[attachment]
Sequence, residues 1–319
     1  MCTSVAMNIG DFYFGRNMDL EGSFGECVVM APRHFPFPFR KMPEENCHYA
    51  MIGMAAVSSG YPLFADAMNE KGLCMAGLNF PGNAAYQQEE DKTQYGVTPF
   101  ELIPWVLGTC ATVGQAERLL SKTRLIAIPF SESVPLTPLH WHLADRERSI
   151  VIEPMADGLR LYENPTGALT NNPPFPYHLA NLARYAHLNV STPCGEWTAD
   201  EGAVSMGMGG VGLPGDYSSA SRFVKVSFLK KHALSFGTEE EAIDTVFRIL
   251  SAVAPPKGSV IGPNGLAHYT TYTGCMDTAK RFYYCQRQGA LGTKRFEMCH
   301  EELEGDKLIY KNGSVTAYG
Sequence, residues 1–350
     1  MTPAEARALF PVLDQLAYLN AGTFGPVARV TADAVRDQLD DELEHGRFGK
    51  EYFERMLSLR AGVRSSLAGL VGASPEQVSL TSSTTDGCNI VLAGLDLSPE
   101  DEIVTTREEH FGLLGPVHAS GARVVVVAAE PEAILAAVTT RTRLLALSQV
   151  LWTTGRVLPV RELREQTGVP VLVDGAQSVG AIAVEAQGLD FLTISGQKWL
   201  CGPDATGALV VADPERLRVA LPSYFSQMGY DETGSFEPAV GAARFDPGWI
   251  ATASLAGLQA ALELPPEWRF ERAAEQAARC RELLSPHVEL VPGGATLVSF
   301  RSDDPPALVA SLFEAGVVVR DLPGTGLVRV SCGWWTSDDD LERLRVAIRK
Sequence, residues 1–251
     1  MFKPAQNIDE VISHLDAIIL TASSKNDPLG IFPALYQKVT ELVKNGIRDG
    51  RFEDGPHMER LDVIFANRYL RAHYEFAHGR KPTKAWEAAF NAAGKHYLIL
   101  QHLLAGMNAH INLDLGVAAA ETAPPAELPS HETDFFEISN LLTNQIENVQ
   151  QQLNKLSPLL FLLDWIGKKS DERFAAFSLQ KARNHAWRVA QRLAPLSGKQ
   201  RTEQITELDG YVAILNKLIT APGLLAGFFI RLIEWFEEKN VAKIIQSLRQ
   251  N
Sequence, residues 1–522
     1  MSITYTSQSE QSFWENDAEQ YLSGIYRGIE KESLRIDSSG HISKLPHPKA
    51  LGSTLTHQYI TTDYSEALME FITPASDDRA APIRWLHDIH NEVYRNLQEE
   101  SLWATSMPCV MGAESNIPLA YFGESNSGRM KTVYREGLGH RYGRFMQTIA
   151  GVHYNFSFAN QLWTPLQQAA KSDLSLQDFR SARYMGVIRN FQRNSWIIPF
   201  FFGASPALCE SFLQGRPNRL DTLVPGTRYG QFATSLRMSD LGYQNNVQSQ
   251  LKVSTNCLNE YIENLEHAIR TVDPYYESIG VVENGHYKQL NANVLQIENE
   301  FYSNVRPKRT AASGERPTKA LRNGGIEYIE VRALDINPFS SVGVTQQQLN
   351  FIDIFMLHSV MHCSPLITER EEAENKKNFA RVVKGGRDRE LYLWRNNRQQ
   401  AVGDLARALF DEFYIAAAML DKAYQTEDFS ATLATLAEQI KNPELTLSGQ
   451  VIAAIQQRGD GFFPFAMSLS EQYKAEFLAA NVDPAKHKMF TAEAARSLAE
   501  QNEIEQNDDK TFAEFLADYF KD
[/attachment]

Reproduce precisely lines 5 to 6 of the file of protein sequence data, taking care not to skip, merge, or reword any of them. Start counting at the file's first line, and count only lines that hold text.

   151  VIEPMADGLR LYENPTGALT NNPPFPYHLA NLARYAHLNV STPCGEWTAD
   201  EGAVSMGMGG VGLPGDYSSA SRFVKVSFLK KHALSFGTEE EAIDTVFRIL